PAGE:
An overwhelming smell coming from a suspicious package at a Bavarian post office caused six workers to be taken to hospital and many more to be evacuated – only for police to discover that durian fruit, and not a dangerous gas, was the reason for the panic.
Police and firefighters rushed to the scene in Schweinfurt on Saturday over fears that a parcel was releasing a harmful substance. Twelve postal workers received treatment for nausea, including six who were taken to hospital as a precaution, the German broadcaster Bayerischer Rundfunk reported.
Officers cleared 60 people from the building, but later determined the package was a delivery of four Thai durian fruits, sent to a 50-year-old resident by his friend in Nuremberg.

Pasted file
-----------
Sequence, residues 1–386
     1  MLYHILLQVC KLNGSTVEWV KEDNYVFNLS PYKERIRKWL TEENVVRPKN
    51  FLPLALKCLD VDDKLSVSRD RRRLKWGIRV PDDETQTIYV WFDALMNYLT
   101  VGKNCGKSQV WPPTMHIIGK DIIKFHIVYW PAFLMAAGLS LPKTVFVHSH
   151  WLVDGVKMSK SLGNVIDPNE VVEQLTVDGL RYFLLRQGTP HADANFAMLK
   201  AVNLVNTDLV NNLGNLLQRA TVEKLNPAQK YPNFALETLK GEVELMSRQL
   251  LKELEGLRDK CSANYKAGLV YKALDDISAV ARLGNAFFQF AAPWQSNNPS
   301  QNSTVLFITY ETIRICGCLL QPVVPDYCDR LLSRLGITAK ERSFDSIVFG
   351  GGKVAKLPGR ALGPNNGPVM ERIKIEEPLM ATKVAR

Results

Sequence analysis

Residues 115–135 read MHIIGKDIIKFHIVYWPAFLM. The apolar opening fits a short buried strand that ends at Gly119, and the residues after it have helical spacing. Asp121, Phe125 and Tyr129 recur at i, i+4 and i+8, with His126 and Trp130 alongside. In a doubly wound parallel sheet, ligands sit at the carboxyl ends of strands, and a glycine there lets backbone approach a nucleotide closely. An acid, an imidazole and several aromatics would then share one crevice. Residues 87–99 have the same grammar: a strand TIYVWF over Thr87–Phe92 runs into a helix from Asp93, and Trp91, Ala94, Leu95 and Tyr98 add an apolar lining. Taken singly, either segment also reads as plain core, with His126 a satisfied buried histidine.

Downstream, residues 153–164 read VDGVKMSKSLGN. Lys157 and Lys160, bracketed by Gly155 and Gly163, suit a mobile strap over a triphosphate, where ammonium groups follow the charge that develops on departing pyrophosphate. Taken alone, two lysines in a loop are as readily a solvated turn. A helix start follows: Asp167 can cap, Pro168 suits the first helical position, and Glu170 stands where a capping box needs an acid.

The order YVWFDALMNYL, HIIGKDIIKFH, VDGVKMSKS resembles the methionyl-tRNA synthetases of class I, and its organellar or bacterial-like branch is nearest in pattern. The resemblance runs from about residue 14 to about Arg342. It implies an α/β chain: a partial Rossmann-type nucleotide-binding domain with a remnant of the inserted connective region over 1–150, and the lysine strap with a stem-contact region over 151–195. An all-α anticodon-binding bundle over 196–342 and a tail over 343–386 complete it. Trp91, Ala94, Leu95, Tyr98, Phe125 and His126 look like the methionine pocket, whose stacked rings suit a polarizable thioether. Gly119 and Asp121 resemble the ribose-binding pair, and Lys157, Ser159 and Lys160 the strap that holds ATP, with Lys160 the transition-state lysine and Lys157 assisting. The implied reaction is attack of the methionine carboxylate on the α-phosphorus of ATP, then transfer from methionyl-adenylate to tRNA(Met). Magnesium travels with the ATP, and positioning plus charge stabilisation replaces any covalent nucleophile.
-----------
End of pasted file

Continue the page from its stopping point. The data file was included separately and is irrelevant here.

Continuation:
The pungent smell of Durian is so strong that the fruit is banned in many hotels, and on public transport across Asia. Last year it prompted the evacuation of a library at the University of Canberra, after “a strong smell of gas” was reported.
Often referred to as the “king of fruit”, Durian’s smell and taste divide opinion. Some say its creamy texture is similar to that of a cheesecake with a hint of almonds. Others draw less flattering comparisons, ranging from unwashed feet to rotten onions.
The fruit, which has grown in popularity among Chinese consumers, is a big earner in Thailand. In 2018, the country produced 600,000 tonnes of durians, mostly for export. The market has so far been unaffected by the coronavirus pandemic.
There are about 200 specially bred durian cultivars, each with differing textures, flavours and smells. The fruit can be eaten on its own or with sticky rice. Durian-flavoured cakes, ice-cream, sweets and even pizzas are also available.
In Schweinfurt, the resident has reportedly now received his package.